Melbourne jazz singer Lisa Young AU has been a mainstay of the Australian jazz scene for over two decades, whether leading quartets or as a member of Coco's Lunch, the award winning a cappella group she co-founded in the mid-1990s. The Eternal Pulseher fourth album as leadermarries konnakol with Young's personal take on vocal improvisation in an all-acoustic setting, accompanied by some of Australia's top jazz musicians. Young is undoubtedly in fine voice on these original compositions, her silky vocals earning her a nomination for Best Australian Jazz Vocal Album 2012, in the country's prestigious Bell Awards.
Young's quartet with guitarist Stephen Magnusson has been together since 2005, but drummer Dave Beck and bassist Ben Robertson have been onboard since '99 and '90 respectively. It's not surprising, therefore, that the interplay is so tight and above all playful. "The Internal Pulse" sets the blueprint for much that follows; Young's delightful konnakol pathbuoyed by Beck on cajonheads into denser improvisational territory, with bowed bass and drums mirroring the singer's intensity. Magnusson's airy melodicism on acoustic guitar provides a contrasting shade to the bustle and urgency around him.
Younga student of south Indian music for many yearshas developed a hybrid improvisational style that combines the rhythmic contours of konnakol with a keen melodic sensitivity that owes almost as much to Indian tradition as it does to jazz. This fusion of worlds is beautifully illustrated on "Misra Chappu," which occupies a contemporary space between folk and jazz; Robertson's deeply resonant bass is nicely juxtaposed against the clarity of Young's sustained high notes. The singer impresses too on the upbeat "Tha Thin Tha," trading with Beck and moving between rapid konnakol torrents, over a bass and guitar ostinato, and more lyrical flights. Magnusson takes a short solo notable for its rhythmic and melodic balance.
Ethereal loops and earthy arco create an altogether different ambiance on the intro to "The Turning." Young's entrance is almost respectfully hushed, her vocals of crystalline purity gently accompanied by aslatuaslittle Ghanaian shakers. Her improvisation takes wings, pulling the quartet with her. Magnusson stretches out followed by Robertson on a wonderful tune that could have been inspired by dawn breaking in West Africa. Mangnusson and Robertson are central to the gentle lyricism that characterizes "The Glide." Young's vocal is a soothing balm, and her final note lands as softly as a feather.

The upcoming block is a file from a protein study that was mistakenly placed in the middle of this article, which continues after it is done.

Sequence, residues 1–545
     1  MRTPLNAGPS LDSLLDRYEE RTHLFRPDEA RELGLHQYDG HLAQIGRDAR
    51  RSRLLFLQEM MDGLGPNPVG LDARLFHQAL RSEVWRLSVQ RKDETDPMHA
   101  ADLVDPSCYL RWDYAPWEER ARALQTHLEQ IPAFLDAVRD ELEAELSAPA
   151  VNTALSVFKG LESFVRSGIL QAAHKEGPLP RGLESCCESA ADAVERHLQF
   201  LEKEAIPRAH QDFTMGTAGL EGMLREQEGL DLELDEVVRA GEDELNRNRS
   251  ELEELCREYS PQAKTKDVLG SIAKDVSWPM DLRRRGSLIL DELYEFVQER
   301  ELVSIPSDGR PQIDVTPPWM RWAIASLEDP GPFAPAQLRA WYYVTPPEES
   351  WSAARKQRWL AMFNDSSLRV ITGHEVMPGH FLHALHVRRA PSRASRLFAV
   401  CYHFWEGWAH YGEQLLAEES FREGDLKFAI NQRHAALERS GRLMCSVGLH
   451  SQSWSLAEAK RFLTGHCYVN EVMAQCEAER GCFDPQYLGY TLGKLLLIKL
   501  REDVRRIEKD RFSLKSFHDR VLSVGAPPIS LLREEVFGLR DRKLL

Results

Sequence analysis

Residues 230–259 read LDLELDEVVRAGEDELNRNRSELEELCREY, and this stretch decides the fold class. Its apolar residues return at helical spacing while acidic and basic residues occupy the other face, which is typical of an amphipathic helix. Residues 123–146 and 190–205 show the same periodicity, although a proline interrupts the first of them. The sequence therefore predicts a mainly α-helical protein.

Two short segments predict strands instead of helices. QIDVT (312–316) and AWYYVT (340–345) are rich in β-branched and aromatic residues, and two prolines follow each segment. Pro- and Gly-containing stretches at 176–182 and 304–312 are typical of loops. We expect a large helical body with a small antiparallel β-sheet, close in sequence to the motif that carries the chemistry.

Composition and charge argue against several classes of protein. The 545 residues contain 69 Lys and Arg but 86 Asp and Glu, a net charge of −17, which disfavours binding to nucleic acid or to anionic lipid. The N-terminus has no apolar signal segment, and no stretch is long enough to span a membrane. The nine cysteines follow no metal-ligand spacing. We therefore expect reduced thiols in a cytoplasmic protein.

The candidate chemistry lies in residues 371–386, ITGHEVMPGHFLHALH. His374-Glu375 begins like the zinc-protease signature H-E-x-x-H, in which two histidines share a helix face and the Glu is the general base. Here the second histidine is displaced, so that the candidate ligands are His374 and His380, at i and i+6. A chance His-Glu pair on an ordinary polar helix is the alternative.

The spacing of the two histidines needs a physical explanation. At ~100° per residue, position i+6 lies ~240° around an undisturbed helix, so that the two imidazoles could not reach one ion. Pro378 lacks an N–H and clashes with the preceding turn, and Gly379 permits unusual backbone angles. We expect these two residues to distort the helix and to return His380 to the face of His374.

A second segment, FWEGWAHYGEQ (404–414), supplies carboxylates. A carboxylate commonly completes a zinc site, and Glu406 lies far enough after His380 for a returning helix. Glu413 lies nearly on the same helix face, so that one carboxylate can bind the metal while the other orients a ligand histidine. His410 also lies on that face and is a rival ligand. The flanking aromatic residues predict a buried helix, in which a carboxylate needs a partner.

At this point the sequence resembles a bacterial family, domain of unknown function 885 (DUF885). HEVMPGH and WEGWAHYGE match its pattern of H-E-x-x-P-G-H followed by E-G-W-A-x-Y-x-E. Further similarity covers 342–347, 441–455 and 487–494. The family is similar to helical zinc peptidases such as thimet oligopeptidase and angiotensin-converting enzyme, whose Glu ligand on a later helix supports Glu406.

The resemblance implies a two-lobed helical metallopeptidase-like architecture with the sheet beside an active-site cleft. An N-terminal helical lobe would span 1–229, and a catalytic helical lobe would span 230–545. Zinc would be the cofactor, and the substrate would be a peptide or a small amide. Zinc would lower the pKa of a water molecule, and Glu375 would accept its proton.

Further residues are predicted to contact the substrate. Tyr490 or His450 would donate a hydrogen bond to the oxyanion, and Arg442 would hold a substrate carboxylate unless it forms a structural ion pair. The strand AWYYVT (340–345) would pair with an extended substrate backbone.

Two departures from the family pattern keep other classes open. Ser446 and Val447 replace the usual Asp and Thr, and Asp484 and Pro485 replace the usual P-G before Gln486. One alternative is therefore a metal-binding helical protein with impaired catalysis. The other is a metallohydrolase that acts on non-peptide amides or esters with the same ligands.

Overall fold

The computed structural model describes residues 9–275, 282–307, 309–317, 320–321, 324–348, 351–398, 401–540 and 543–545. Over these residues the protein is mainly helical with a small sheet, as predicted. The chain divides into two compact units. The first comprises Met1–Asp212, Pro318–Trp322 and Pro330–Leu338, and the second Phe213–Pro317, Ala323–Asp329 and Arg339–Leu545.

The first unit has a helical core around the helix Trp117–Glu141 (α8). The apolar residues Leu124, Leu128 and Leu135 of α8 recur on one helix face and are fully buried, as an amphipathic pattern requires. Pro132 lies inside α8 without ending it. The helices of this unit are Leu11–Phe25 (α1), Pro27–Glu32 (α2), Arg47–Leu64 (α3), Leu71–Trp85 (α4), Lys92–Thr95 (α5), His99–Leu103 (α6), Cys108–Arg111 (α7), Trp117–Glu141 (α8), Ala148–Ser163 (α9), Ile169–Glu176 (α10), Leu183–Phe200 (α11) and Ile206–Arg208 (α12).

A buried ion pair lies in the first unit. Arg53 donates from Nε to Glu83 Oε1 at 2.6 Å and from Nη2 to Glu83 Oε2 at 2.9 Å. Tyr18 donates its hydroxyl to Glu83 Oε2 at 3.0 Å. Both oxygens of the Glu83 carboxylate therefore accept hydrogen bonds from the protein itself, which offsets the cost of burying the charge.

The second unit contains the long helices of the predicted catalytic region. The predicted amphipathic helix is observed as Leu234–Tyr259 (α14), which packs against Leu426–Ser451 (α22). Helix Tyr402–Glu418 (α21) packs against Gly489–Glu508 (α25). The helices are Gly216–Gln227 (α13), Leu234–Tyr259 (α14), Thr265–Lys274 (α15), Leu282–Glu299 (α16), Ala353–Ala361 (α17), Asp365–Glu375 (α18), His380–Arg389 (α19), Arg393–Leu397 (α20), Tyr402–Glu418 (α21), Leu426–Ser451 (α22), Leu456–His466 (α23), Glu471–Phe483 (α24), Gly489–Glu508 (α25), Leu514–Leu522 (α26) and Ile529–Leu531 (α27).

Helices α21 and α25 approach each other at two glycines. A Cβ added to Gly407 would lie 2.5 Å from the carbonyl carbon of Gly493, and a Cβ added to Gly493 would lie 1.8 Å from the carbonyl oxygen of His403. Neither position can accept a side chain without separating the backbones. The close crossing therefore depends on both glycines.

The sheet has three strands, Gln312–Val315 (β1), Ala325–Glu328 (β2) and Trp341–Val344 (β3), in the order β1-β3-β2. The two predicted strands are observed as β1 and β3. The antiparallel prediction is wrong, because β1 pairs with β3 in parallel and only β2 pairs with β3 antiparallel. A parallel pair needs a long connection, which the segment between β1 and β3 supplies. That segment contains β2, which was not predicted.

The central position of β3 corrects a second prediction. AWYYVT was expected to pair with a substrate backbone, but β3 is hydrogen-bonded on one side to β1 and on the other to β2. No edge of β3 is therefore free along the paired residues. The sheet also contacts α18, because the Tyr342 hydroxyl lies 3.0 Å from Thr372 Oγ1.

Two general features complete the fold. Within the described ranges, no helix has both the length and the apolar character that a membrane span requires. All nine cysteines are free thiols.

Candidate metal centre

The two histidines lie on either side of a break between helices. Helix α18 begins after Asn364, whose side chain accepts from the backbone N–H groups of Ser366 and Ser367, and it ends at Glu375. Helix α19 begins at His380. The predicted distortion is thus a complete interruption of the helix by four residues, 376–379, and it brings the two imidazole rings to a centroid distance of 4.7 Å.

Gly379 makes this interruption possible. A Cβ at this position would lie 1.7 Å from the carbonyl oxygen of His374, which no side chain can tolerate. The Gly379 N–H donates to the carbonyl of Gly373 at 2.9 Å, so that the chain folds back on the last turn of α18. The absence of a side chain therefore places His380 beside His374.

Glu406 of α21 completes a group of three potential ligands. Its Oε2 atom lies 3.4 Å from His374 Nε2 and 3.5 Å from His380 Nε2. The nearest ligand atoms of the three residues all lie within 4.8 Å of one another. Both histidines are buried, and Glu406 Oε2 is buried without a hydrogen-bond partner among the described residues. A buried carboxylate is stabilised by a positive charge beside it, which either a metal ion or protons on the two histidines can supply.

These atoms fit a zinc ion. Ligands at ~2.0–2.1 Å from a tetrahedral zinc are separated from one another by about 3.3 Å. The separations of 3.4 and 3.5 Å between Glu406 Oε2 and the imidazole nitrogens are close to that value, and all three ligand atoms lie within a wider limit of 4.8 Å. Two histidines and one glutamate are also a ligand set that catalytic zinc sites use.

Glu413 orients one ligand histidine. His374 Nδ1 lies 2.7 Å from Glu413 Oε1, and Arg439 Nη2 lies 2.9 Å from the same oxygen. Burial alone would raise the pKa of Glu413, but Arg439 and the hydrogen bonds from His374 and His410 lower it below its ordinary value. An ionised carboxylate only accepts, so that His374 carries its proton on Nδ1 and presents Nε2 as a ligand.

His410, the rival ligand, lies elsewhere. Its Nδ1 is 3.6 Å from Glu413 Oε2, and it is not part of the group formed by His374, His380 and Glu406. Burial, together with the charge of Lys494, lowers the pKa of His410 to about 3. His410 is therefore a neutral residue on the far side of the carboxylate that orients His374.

Greater rhythm colors "The Eternal Pulse," a vehicle for Young's extended improvisation. Young weaves a mazy course, hitching up occasionally with guitar and bass in breezy unison lines. All three jam on a riff towards song's end as Beck stretches out. The gentler pulse at the intro to "The Exchange" gathers strength, with Young and Magnusson urging each other on. Again, there's more than a hint of Africa in the rhythms. "Rupaka" concludes the set with Young and Beck engaging in a miniature konnakol and cajon dueta fitting coda in its celebration of musical multiculturalism. Melodically appealing and rhythmically engaging, Young has created a fine balance between accessible composition and exciting improvisation. Her sophisticated blend of Indian and jazz idioms seduces from the start and never releases its hold.
The Internal Pulse; Misra Chappu: Tha Thin Tha; The Turning; The Glide; The Eternal Pulse; The Exchange; Rupaka.
Lisa Young; vocal, konnakol, aslatuas; Stephen Magnusson; guitar; Ben Robertson; double bass; Dave Beck: drums, cajon.
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